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I use time-outs, but I use them like you would in sports. We stop what we're doing, huddle (or cuddle) up and figure out what's going wrong with our game plan, so to speak. We use it as a cooling down period, a calming moment to solve problems and reflect. Sometimes my dd does it alone, too, if she's really overwrought. But I don't enforce this, I just ask her if she wants to sit alone and read a book, and if she agrees, she does.

We try not to use threats or punishments, so that's why we don't use it as a negative consequence. I personally feel that punishments are distracting and unecessary. I think they distract the child from the real problem, anger and frighten them, and allow them to place blame/responsibility on their parents instead of themselves. Plus, then you're going to have to threaten your child, as in, "If you don't stop doing that, I'm going to put you in Time Out." That implies you have no faith in your child, and then I think you'll have to keep upping the ante, as well.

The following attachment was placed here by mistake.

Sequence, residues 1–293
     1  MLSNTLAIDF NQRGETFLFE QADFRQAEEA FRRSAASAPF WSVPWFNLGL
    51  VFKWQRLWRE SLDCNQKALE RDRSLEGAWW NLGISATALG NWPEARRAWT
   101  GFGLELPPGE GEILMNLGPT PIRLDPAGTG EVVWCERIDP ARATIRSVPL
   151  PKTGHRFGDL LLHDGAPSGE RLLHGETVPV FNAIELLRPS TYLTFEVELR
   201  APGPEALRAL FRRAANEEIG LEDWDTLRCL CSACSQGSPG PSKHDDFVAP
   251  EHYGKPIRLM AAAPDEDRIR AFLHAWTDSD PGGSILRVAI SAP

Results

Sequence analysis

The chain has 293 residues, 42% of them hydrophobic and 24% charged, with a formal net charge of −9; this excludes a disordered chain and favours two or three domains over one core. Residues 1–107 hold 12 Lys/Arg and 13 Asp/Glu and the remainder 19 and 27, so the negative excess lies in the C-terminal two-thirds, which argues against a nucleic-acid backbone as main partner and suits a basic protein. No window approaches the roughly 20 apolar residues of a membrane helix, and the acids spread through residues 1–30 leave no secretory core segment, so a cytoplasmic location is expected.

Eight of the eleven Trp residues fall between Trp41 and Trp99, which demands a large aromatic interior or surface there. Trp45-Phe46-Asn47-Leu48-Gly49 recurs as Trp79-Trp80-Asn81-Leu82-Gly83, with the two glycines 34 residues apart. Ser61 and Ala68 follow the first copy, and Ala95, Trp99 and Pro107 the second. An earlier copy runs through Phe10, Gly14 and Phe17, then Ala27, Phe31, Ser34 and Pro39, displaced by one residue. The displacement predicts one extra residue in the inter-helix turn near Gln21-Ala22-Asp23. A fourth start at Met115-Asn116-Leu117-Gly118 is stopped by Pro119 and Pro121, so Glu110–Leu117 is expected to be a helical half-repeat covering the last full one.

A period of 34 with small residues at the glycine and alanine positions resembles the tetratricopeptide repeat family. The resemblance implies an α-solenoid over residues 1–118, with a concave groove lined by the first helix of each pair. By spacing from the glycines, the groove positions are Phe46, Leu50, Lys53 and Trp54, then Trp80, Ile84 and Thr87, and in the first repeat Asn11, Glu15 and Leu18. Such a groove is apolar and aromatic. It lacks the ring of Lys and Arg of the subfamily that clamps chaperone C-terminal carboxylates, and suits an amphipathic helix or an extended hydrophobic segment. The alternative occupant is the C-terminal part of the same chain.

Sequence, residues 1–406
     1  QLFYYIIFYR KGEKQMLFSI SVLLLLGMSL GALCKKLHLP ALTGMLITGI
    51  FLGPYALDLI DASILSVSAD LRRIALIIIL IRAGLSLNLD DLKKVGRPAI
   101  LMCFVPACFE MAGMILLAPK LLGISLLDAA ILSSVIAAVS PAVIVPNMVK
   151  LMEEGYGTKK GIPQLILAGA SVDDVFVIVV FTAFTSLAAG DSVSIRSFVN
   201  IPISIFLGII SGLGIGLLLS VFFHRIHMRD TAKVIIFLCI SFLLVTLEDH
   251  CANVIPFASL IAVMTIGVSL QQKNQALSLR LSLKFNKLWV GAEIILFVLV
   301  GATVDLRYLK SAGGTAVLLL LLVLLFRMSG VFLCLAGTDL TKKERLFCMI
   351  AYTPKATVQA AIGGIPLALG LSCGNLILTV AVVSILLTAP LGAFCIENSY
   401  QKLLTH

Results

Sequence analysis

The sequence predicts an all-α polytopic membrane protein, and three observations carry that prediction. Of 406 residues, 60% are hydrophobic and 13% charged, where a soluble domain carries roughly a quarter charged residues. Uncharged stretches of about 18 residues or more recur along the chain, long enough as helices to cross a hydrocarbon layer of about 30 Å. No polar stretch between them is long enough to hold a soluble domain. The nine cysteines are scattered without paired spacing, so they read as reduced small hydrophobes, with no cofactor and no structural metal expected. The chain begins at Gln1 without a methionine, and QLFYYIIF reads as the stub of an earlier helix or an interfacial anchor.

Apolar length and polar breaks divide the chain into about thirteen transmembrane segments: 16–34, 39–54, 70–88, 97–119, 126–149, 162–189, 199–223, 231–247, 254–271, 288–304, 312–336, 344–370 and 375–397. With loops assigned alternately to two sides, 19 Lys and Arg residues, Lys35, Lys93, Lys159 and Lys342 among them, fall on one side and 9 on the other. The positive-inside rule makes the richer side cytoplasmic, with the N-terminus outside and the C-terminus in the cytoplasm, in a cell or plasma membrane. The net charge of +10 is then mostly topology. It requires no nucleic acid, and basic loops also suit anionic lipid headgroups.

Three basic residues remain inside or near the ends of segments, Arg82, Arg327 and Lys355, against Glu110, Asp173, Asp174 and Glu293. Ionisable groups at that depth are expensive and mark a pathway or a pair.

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#5 of 11 Old 01-13-2006, 03:57 PM
 
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With my daughter (my son is only 5 mos so it hasn't become an issue), I have noticed that she has trouble most when she is tired so we use a form of time out, albeit what I consider to be a nonpunitive one. Dd is a very intense child and I think sometimes gets burned out and needs time to regroup. We use the idea of a 'comfort corner'...a comfortable place she can go to regroup. She is 4 now and will give herself breaks in it herself when she is feeling out of control and needs to regroup.